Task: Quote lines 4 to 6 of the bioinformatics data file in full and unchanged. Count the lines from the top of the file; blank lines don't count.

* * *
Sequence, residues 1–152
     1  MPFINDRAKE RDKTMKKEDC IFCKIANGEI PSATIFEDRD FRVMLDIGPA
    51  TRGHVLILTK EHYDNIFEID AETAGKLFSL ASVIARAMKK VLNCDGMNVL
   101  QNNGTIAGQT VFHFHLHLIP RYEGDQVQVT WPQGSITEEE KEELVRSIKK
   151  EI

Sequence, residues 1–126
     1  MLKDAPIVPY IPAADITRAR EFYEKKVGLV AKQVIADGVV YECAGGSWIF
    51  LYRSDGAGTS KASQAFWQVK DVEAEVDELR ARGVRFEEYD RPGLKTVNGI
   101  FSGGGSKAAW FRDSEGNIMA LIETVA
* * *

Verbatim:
   101  QNNGTIAGQT VFHFHLHLIP RYEGDQVQVT WPQGSITEEE KEELVRSIKK
   151  EI

Sequence, residues 1–126